His albums Empyrean Isles (1964) and Maiden Voyage (1965) were to be two of the most famous and influential jazz LPs of the 1960s, winning praise for both their innovation and accessibility (the latter demonstrated by the subsequent enormous popularity of the Maiden Voyage title track as a jazz standard, and by the jazz rap group US3 having a hit single with "Cantaloop" (derived from "Cantaloupe Island" on Empyrean Isles) some twenty nine years later). Empyrean Isles featured the Davis rhythm section of Hancock, Carter and Williams with the addition of Hubbard on cornet, while Maiden Voyage also added former Davis saxophonist Coleman (with Hubbard remaining on trumpet). Both albums are regarded as among the principal foundations of the post-bop style. Hancock also recorded several less-well-known but still critically acclaimed albums with larger ensembles – My Point of View (1963), Speak Like a Child (1968) and The Prisoner (1969) featured flugelhorn, alto flute and bass trombone. 1963's Inventions and Dimensions was an album of almost entirely improvised music, teaming Hancock with bassist Paul Chambers and two Latin percussionists, Willie Bobo and Osvaldo "Chihuahua" Martinez.

During this period, Hancock also composed the score to Michelangelo Antonioni's film Blowup (1966), the first of many film soundtracks he recorded in his career. As well as feature film soundtracks, Hancock recorded a number of musical themes used on American television commercials for such then well known products as Pillsbury's Space Food Sticks, Standard Oil, Tab diet cola and Virginia Slims cigarettes. Hancock also wrote, arranged and conducted a spy type theme for a series of F. William Free commercials for Silva Thins cigarettes. Hancock liked it so much he wished to record it as a song but the ad agency would not let him. He rewrote the harmony, tempo and tone and recorded the piece as the track "He Who Lives in Fear" from his The Prisoner album of 1969.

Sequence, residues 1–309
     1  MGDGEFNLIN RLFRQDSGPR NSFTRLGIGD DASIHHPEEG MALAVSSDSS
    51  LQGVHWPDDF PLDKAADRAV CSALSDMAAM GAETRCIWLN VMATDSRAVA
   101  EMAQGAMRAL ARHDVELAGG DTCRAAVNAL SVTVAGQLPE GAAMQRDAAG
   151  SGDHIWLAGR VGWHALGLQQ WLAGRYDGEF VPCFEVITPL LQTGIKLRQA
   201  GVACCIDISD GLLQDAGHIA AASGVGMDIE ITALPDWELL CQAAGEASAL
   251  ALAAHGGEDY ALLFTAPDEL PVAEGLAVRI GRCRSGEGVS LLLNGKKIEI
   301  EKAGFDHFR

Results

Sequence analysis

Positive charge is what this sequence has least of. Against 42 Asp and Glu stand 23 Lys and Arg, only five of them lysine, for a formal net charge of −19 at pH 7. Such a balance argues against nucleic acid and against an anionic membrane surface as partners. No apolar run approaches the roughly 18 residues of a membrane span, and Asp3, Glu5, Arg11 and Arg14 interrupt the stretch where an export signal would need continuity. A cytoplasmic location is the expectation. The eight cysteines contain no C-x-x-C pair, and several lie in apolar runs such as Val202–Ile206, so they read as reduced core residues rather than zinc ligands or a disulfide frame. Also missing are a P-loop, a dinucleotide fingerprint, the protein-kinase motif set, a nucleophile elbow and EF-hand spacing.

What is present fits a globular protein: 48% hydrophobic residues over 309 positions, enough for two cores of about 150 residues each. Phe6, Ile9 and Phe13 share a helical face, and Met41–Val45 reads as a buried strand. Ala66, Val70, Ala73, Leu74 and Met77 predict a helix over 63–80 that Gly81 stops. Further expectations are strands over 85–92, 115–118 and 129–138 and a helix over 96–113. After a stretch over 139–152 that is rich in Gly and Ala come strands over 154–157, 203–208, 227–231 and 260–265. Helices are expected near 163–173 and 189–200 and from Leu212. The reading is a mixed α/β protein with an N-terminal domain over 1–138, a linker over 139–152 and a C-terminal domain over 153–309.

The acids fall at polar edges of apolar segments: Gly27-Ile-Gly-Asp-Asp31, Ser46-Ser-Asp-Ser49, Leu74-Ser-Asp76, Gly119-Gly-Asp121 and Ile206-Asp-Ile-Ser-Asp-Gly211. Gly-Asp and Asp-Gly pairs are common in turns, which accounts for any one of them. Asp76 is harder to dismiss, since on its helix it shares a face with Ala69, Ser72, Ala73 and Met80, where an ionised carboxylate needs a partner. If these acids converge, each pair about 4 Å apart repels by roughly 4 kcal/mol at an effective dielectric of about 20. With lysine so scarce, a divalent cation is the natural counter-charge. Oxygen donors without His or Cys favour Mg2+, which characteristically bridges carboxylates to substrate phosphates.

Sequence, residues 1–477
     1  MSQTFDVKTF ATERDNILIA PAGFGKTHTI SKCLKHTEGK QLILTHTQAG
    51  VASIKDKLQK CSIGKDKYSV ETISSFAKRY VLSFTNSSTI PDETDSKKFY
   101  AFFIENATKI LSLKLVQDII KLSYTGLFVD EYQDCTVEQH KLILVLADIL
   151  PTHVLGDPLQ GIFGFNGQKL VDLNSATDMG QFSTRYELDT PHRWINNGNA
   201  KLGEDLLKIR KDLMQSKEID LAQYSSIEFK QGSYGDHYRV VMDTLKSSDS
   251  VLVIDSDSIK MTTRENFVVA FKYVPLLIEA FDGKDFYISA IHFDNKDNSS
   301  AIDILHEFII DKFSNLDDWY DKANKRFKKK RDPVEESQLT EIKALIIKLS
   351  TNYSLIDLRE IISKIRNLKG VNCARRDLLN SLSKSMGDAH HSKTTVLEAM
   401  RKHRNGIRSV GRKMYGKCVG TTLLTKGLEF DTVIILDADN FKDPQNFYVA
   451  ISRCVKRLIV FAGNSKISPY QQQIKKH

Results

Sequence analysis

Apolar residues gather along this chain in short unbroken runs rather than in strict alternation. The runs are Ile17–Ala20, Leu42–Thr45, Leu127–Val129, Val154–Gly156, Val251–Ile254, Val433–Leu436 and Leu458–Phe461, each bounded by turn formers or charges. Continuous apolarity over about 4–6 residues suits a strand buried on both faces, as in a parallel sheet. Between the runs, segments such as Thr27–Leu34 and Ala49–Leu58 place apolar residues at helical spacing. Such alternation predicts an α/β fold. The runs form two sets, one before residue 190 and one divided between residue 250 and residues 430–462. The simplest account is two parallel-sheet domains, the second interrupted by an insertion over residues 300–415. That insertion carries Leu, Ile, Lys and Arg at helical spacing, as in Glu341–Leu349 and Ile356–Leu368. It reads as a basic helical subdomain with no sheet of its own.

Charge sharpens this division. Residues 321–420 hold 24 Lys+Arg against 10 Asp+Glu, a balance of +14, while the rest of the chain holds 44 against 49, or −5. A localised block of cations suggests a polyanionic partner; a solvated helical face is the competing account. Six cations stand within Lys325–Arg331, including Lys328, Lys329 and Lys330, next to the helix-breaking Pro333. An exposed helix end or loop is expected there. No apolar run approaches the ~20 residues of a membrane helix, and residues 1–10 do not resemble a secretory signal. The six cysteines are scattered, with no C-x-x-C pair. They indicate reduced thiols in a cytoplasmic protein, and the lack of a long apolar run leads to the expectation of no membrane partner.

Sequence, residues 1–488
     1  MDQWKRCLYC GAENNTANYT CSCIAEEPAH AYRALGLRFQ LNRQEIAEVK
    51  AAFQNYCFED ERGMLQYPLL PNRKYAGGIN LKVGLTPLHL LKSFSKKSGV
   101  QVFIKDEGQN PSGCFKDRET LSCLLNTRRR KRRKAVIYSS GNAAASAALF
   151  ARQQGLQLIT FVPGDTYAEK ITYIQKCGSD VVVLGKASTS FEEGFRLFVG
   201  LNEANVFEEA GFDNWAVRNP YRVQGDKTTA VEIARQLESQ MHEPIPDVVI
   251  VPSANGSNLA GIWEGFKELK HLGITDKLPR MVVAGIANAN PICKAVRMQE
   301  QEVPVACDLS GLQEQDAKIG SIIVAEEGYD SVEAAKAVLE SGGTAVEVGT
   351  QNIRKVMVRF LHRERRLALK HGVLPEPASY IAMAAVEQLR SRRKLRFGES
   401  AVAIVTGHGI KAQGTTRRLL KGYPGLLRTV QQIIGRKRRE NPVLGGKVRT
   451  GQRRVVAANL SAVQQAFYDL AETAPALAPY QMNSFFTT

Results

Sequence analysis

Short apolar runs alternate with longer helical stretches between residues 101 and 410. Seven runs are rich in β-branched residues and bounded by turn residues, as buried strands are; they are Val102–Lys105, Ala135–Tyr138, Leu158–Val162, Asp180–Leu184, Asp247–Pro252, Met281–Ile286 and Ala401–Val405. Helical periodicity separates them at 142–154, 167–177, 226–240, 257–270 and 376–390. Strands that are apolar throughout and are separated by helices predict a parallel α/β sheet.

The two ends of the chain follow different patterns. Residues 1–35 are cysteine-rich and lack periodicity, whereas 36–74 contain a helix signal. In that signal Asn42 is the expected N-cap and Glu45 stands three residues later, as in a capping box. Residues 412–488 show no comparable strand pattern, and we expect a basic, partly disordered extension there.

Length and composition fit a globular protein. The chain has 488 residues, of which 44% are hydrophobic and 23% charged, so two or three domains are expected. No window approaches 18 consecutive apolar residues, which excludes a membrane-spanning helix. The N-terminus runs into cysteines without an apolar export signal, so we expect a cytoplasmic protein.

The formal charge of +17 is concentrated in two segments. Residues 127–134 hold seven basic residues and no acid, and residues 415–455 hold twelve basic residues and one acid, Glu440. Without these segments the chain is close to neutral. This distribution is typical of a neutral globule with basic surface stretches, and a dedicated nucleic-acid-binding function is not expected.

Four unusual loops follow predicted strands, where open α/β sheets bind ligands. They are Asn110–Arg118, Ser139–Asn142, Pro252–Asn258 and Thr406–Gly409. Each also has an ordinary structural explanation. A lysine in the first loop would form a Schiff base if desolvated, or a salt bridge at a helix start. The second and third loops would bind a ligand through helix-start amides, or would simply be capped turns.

Davis had begun incorporating elements of rock and popular music into his recordings by the end of Hancock's tenure with the band. Despite some initial reluctance, Hancock began doubling on electric keyboards including the Fender Rhodes electric piano at Davis's insistence. Hancock adapted quickly to the new instruments, which proved to be important in his future artistic endeavors.

Under the pretext that he had returned late from a honeymoon in Brazil, Hancock was dismissed from Davis's band. In the summer of 1968 Hancock formed his own sextet. However, although Davis soon disbanded his quintet to search for a new sound, Hancock, despite his departure from the working band, continued to appear on Davis records for the next few years. Appearances included In a Silent Way, A Tribute to Jack Johnson and On the Corner.  ...to be continued

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Herbie Hancock's debut as a leader, Takin' Off, revealed a composer and pianist able to balance sophistication and accessibility, somewhat in the vein of Blue Note's prototype hard bopper Horace Silver. Yet while Hancock could be just as funky and blues-rooted as Silver, their overall styles diverged in several ways: Hancock was lighter and more cerebral, a bit more adventurous in his harmonies, and more apt to break his solos out of a groove (instead of using them to create one). So even if, in retrospect, Takin' Off is among Hancock's most conventional albums, it shows a young stylist already strikingly mature for his age, and one who can interpret established forms with spirit and imagination. Case in point: the simple, catchy "Watermelon Man," which became a Hancock signature tune and a jazz standard in the wake of a hit cover by Latin jazz star Mongo Santamaria. Hancock's original version is classic Blue Note hard bop: spare, funky piano riffing and tight, focused solo statements. The other compositions are memorable and well-constructed too (if not quite hit material); all have their moments, but particular highlights include the ruminative ballad "Alone and I," the minor-key "The Maze" (which features a little bit of free improvisation in the rhythm section), and the bluesy "Empty Pockets." The backing group includes then up-and-coming trumpeter Freddie Hubbard, tenor saxophonist Dexter Gordon, bassist Butch Warren, and drummer Billy Higgins. All in all, Takin' Off is an exceptional first effort, laying the groundwork for Hancock to begin pushing the boundaries of hard bop on his next several records.



Herbie Hancock - Takin' Off    (flac  257mb)

1 Watermelon Man 7:05
2 Three Bags Full 5:22
3 Empty Pockets 6:08
4 The Maze 6:45
5 Driftin' 6:53
6 Alone And I 6:25

Herbie Hancock - Takin' Off  (ogg  97mb)